Basically, they both give the amp a “tighter” or “looser” feel. Their function is usually one ascribed to the power output section of a tube amp but in this case the sonic characteristics are generated in what would have to be described as a preamp unit. It is these functions (among other things) that separate this unit from the rest of the pack.

Free-standing tube overdrive/preamp units are not a new species in the guitar biosphere. It all started with B.K. Butler’s “Real Tube,” of which I still have both the pedal version and the rack mount studio version, and there have been many fine units to come along in the mean time.

The TubeUlent appears to be a very well-built, robust unit. I was unable to access the inside of the unit due to the fact that the bottom access panel is glued to the rest of the enclosure. There is a strict warning about not trying to open the unit because of “lethal voltages” inside. That seems a little unusual because the unit is powered by a separate power supply generating 15 volts, a la your laptop computer. However, anytime you''re converting low adapter voltage to higher tube voltage, being overly cautious isn''t a bad idea.

While some may consider an external power supply a liability, I personally found it to be a major asset, especially in the recording studio, where it was able to keep background noise to a bare minimum in the face of high gain levels. Using a cable with a unipoint ground shield also helps combat noise.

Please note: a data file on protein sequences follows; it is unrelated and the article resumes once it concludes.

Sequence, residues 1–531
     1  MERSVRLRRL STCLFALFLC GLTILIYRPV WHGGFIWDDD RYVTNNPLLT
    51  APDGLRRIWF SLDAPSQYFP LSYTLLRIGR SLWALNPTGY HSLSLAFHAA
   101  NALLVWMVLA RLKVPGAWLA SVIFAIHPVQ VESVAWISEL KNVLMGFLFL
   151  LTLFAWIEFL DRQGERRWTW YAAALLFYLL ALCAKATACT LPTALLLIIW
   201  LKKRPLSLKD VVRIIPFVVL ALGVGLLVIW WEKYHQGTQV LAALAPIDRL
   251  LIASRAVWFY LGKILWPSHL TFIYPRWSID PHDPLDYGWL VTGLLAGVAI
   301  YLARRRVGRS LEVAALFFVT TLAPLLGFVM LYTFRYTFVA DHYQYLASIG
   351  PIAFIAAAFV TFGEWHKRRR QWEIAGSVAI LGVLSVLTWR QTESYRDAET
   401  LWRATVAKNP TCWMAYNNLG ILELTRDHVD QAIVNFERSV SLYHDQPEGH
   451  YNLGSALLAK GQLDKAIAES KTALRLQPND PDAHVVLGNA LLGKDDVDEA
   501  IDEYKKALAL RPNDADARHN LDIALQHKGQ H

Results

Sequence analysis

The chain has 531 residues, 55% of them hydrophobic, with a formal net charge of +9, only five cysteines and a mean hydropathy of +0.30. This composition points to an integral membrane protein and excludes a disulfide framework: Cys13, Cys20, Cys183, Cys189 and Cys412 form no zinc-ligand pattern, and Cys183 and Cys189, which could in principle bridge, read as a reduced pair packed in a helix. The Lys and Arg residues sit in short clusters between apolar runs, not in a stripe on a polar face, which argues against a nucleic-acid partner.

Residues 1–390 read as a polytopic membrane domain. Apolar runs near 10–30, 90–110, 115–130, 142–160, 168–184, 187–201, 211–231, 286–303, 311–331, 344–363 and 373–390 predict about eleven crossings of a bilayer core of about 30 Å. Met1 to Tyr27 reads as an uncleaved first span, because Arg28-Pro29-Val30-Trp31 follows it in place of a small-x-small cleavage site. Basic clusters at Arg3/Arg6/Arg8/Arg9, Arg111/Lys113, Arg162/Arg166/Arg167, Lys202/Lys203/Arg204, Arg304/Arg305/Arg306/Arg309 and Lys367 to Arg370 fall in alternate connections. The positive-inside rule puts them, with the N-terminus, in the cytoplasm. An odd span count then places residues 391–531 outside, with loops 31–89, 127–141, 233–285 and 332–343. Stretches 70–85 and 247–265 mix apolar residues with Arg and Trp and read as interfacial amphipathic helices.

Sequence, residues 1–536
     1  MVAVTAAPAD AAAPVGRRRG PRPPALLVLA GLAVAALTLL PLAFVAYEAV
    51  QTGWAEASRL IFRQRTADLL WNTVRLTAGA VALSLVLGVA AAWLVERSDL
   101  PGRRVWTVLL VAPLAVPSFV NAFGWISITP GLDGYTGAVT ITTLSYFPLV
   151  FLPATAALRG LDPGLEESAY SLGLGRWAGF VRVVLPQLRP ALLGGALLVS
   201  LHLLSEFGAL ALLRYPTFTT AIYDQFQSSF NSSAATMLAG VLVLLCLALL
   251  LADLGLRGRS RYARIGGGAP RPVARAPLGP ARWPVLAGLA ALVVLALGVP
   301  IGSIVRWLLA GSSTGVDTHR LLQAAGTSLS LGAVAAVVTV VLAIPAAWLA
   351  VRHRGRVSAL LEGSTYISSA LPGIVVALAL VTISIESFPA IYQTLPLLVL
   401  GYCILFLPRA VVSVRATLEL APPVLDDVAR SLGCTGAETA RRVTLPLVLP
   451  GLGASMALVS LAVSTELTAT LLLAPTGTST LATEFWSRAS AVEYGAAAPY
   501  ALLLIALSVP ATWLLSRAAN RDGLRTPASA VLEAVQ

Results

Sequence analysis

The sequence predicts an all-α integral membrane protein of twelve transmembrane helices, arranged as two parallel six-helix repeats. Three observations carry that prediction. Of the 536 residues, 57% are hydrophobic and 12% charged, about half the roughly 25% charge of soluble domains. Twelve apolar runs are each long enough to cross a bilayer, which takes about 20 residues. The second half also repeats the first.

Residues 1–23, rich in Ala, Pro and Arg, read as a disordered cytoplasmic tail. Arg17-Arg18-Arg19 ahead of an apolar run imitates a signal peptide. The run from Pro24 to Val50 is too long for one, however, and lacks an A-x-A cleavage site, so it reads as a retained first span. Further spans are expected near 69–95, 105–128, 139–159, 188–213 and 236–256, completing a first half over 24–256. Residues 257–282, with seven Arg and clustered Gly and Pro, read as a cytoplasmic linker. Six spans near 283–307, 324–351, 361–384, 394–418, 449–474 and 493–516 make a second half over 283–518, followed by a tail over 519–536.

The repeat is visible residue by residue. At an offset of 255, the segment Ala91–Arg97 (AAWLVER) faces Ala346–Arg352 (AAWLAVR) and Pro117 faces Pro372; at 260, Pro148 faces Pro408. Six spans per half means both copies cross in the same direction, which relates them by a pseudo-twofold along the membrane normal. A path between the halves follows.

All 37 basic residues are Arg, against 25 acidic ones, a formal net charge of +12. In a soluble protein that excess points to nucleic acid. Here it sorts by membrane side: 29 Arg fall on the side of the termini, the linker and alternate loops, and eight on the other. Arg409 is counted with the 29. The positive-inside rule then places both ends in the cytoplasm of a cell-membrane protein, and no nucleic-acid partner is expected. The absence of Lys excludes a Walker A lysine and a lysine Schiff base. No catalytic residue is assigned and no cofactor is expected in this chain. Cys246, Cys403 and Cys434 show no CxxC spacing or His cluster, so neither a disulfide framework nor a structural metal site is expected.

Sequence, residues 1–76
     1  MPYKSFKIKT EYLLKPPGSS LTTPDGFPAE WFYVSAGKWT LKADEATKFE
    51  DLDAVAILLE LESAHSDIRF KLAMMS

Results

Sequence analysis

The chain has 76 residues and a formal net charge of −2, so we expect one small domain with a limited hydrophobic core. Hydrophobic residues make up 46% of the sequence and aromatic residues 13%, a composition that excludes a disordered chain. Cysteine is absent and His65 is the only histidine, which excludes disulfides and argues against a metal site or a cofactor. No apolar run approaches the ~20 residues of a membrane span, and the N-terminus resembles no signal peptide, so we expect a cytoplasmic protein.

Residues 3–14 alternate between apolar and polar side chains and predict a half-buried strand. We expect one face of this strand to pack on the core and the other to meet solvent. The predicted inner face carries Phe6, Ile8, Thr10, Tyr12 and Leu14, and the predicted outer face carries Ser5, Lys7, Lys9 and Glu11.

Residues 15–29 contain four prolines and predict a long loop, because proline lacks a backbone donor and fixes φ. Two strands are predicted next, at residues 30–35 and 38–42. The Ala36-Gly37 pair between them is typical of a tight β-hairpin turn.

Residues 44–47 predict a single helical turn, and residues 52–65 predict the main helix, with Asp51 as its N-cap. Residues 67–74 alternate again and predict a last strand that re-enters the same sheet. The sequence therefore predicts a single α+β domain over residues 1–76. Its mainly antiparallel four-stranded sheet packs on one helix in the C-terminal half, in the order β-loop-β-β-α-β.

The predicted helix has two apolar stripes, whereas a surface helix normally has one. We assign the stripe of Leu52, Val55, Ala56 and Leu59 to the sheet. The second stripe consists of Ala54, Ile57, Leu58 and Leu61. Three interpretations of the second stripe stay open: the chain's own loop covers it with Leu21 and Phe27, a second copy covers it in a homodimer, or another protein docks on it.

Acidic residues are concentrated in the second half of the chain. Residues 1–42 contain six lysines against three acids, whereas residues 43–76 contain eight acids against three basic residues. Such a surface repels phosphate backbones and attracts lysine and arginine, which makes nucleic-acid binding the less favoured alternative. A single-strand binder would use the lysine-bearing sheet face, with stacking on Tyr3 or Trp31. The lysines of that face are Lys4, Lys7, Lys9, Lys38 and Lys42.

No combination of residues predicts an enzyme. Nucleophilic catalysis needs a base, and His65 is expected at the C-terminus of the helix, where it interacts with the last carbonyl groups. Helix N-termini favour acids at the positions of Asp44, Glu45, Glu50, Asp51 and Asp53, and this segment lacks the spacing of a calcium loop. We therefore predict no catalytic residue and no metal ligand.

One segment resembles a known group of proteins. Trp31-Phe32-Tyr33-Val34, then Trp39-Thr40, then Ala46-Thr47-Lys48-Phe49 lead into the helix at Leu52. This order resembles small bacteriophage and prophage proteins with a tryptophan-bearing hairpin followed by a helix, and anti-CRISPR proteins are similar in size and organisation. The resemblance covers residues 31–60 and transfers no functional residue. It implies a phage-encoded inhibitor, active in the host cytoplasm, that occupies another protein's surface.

Another of the unusual features of this unit is the use of a power output tube (6V6) as a secondary gain stage. We tend to think of preamp tubes as small, warm, low voltage devices and power tubes as somewhat larger, high voltage devices that get hot. If we think not of tubes but of “valves” as the British call them, we are more likely to realize they are multipotent devices consisting of filaments, plates, and grids that can be used in many ways. Although I had no access to the circuitry, the fact that the 6V6 remains merely warm to the touch suggests that it is being used in a non-standard way to provide output signal voltage.

The Tone God confirmed my suspicion. Here''s his response: "The tubes do run cooler because the filaments are run at 6 volts instead of 6.3, still well within the voltage range to cause conduction in the cathode. This is done to generate less heat, a major enemy of electronics, and extends the life of the tube''s filament drastically and thus the life of the tube. All the tubes are running at high voltage."